Veganuary began in the UK back in 2014 as a way to encourage and educate people about following a plant-based diet. It involves removing animal products from your diet for the month of January and (the non-for-profit hopes) beyond. The reasons driving this movement is threefold – ethical, environmental and health. The often touted benefits of a vegan diet includes preventing the exploitation of animals, reducing your impact on the environment and improving your health.
As a pescatarian who eats fish once or twice per week I was keen to go the whole hog, for want of a better phrase. Here’s what happened when I tried eating vegan for a month.
1. Breakfast was the hardest
I drink oat milk, inhale chickpeas, and know my way around a block of tofu – given that I was already eating a predominantly plant-based diet, I didn’t think transitioning to a stricter variation would be challenging. Turns out, eggs are a surprisingly cherished component of my diet. As a savoury lover I wasn’t feeling oats and cereal for breakfast every day. However, I eventually found ways to mix up my toast toppings to keep me satisfied, like turmeric hummus and avo, peanut butter and banana, or garlic-y mushrooms and butter bean smash.
2. I had to eat more… and had to quit feeling bad about it
Swapping out calorie-dense salmon for spinach is never going to hit the same spot. I found myself wanting to eat more than usual, which it automatically triggered food guilt feels. But when I added up my calorie consumption out of interest, I realised wasn’t getting enough energy despite hitting three square meals per day. Once I upped my snacks I felt so much more satisfied.
3. Preparation is key
Perusing recipe books, planning meals out and always having vegan snacks on hand made the process so much easier.
4. Dining out options are better, but still slim
Given the explosion in popularity of plant-based eating I was expecting to be inundated with dining options wherever I went, so I was surprised to find this wasn’t always the case. Living in Sydney means I’m surrounded by vegan-friendly pubs, restaurants and bars with a huge range of creative culinary options, but when I wasn’t in charge of choosing the venue I often discovered my only menu choice was a side salad or pasta sans parmesan.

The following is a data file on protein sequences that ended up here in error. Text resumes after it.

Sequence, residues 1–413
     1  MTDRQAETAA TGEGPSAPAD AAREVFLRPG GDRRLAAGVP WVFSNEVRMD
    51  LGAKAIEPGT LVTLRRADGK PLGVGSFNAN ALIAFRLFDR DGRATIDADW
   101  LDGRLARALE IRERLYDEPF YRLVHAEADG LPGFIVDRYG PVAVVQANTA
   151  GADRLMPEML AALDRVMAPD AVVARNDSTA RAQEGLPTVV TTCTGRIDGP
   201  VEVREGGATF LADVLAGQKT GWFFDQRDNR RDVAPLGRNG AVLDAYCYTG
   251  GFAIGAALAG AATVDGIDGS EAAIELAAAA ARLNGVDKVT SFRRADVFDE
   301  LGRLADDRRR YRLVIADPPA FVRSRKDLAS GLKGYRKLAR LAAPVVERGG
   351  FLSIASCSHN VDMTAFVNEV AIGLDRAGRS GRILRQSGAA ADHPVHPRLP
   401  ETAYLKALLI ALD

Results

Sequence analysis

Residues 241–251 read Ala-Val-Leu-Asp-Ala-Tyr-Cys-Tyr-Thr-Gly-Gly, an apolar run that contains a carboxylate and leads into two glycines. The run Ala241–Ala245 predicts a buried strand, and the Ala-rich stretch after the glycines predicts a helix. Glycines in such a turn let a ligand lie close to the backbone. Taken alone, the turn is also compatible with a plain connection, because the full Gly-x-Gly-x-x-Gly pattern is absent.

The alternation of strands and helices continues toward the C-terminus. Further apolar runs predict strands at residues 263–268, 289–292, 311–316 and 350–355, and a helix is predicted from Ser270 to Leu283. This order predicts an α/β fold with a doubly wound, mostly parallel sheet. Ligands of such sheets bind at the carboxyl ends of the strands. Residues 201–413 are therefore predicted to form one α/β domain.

5. Grocery shopping was pretty easy
Australia is now the third-fastest growing vegan market worldwide with a whopping 429 per cent increase in plant-based products in the last four years. These stats are clearly reflected in most local supermarkets with shelves dedicated to meat and dairy alternatives. Aside from now-standard plant-based burgers and sausages, I found some amazing products to satiate my cheese addiction like cashew “cream cheese” and almond “feta”, plus mushroom “pate” and coconut “sour cream” are still in heavy rotation in our household.
6. However, I did develop a Sherlock Holmes-esque scrutiny of ingredient lists
Scoping out the back of every product before putting it in the trolley became a fine art. Some hummus dips had added dairy (sacrilege), seemingly safe pre-made meals snuck in cheese (don’t blame ’em), and don’t even get me started on selecting a bottle of wine (who knew they use egg and fish products to filter?!). But after a couple of shops it was easy to figure out what I could and couldn’t eat.
7. The “health halo” is real
The term “health halo” used to describe how we overestimate the nutritiousness of an item based on how it’s labelled, something that’s easily done with vegan foods. Every time I tucked into a plant-based pint of Ben and Jerry’s I had to remind myself that a lack of dairy wasn’t a free pass to go HAM on sugar.
8. My skin improved
Some plant-based proponents swear the diet is a cure all for injury and illness. While I can’t anecdotally attest to that, I will say my skin improved significantly. As a natural sceptic I considered other explanations for the dramatic disappearance of my back acne and hormonal breakouts but there was one common, obvious denominator.
9. My digestion was on point
I was expecting to full more bloated from all the extra lentils and broccoli, but I found the opposite. I was also way more regular, a no brainer given the significant increase in the amount of fibre I was consuming thanks to the extra veggies, grains and legumes on my plate. Digestive benefits are backed by research – a study has found suggests a vegan diet can boost gut health, particularly to microbiome related to body composition and blood sugar control.
So would I continue a vegan diet?
No, I’m back on the pescatarian band wagon. However, the experience has definitely encouraged me to cut back on dairy and add more vegan meals into my routine. There were certainly challenges through out the month but overall it opened my mind to a new way of eating that can have some major benefits.
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